Camus' situation as a philosopher and writer is a rather precarious one. There is a sense in which he can easily be regarded as a stoic. His notion of metaphysical rebellion showcases a courageous engagement with reality that leaves no room for external blame or sentimental rationalization. In addition, he also does not allow this frustrated metaphysical rebellion the indiscretion of becoming the basis and escape valve of ideology. But stoics usually shun the world of men and retire to a private existence. Camus clearly does not take this route as is evident from his engagement in the French resistance and his voicing concern for the plight of those living under Soviet bloc atrocities. However, there is a also a very reserved and dignified side to Camus the man, which he found to be at odds with Camus the public entity. Yet he seems to have found a resolute answer to this dilemma by demanding that the autonomy of the thinker, as one who attempts to bring coherence to what Kant has called the "chaos of sensations" is respected. The thinker for Camus is always a creator of worlds. A very strong indication of the respect that he felt for other thinkers and the creative process itself is seen in the scant number of negative references that he makes in reference to the work of others. In "The Myth of Sisyphus" Camus does make mention of Dostoevsky when he writes of The Brothers Karamazov and Kafka's The Trial and The Castle, but he always does so in a positive light. His references to Nietzsche, Kierkegaard and Chestov are merely instances of praise that allow Camus to argue a particular point. The rest of "The Myth of Sisyphus" is an exploration of the nature of life and death and the Socratic question of what constitutes a worthwhile life. Equally true, in the The Rebel Camus stirs clear of offhanded criticism of the thought of others. In the first part of that work the focus is on man's place in what he considers an absurd universe. The first part of the The Rebel is reminiscent of the vital and intellectual honesty of the thought of such thinkers as Marcus Aurelius, Kierkegaard and Nietzsche, to mention just a few. The second part of this book offers a criticism of the tyrannous consequences that Marxism wrought on Soviet bloc nations. This part of the work offers an indictment of ideology and how this subsumes life itself to the state. This section of the work is very comparable to Czeslaw Milosz's The Captive Mind and Ortega's The Revolt of the Masses in its ability to pinpoint how existential malcontentment leads to public tyranny. To his critics, we must point out that time has vindicated Camus in his understanding of these historic facts. In opposition to the extensive verbiage of Sartre's devotional emphasis to dialectical materialism, Camus demonstrates great foresight in his understanding that it is the dialectic of the lived experience, which is the true foundation of history. This latter insight, Camus aptly discovers, is based on the exigencies of human reality and not necessarily on social-political expediency.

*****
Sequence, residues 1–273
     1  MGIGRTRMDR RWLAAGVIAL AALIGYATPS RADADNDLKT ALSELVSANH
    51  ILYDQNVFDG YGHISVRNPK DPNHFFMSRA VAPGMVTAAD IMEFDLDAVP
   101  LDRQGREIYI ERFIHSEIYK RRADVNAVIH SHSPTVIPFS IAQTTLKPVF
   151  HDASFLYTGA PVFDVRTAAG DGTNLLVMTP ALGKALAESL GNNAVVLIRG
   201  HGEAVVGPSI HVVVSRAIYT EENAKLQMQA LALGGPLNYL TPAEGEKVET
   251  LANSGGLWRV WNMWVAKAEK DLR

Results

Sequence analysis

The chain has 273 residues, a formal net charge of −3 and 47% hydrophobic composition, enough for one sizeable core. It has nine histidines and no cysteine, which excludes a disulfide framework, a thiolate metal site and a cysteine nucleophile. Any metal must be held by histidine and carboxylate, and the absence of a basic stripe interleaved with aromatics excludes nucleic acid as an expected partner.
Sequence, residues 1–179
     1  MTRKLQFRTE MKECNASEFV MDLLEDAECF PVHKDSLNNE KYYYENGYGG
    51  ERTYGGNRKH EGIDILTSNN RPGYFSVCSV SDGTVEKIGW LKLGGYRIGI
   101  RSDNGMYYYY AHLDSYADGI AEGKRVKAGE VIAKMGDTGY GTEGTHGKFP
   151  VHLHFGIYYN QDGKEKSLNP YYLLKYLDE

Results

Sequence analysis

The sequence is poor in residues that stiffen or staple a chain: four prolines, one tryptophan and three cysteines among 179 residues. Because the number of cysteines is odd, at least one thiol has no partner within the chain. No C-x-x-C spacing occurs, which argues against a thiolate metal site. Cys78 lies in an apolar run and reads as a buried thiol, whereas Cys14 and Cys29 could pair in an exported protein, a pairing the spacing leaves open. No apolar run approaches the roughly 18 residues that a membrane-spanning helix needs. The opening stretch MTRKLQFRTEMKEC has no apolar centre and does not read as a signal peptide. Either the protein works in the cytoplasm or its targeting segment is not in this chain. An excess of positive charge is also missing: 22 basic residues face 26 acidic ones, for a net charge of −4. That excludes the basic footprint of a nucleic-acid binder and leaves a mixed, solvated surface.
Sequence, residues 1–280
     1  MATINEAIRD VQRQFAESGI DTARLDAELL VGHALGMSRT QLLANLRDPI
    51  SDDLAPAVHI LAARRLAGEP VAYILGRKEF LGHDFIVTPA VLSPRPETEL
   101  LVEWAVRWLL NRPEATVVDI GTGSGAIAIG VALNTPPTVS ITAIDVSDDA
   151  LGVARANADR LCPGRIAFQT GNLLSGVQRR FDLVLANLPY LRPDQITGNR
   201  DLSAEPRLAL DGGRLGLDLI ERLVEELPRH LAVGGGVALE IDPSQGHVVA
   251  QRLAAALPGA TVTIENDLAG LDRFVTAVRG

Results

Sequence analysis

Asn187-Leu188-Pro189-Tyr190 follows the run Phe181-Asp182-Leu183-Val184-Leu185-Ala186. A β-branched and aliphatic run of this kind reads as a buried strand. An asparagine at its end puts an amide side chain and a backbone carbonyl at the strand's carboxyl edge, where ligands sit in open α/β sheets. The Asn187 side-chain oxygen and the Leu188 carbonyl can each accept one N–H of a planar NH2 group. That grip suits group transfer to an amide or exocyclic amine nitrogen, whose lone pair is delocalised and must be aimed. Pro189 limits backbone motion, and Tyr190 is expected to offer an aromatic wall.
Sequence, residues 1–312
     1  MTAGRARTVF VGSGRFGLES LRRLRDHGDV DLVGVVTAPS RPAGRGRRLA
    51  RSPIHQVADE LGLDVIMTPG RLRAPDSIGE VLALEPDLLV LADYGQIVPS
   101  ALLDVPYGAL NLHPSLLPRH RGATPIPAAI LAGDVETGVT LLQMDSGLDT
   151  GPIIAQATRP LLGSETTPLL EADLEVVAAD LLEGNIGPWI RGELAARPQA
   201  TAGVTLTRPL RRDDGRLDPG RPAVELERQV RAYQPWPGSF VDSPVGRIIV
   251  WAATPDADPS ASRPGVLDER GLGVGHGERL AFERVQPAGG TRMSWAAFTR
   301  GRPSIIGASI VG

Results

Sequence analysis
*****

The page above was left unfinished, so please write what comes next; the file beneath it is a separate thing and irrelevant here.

In the autobiographical novel, the author possesses an added direction and vision to his work that the reader may neither suspect nor that he is privy to. Most philosophical works have traditionally excluded concern for the thinker as an autonomous being. Perhaps this is perfectly appropriate given the complexities and rigor involved in works of philosophy. But this is neither completely necessary or is it true in many cases. Camus' work demonstrates a detailed and accomplished acumen for existentially vital concerns that speak to the conscientious reader. It would seem inappropriate and even asinine to treat such questions in the clinical and detached manner that positivist philosophers have so often undertaken. Yet this personal and autobiographical stake in a work of literature is an aspect of the creative process that ought to be immune from the ire of the critic.

Still more importantly, The First Man Camus enables the discerning reader the ability to look into the formative stages of the creative vision itself. This is a telling and insightful glimpse into the creative process due to the autonomous privacy that only the author can enjoy. Consider Nabakov's notion that only fools or novices show their unfinished work to others. But the creative process is much more than forging a sketch of a future work. This process involves an aesthetic and moral vision that must revolve around the vital concerns of the thinker as a person. Strictly speaking, the dichotomous nature of the will and vision of the thinker cannot be reconciled by the critic without doing so in the terms that the thinker has set for himself. This standstill is a clear-cut example of the hazards that reflection provides, especially under conditions where the knowledge in question is of a vital-existential kind. These concerns are clearly discernable in these notes and sketches. In many respects these notes bring to mind Michelangelo's unfinished Captives where every chisel mark is an attempt to free the recalcitrant figures contained in the marble. This is the case because in these notes Camus works out the specific details and vital makeup of the world that he was intent on describing.

Amongst the main themes found in The First Man perhaps three can be easily isolated: 1) What he called a Robert Musil theme:  the search for salvation of the soul in the modern world, 2) The isolation that the writer/thinker must bear, and 3) The search for individual autonomy.1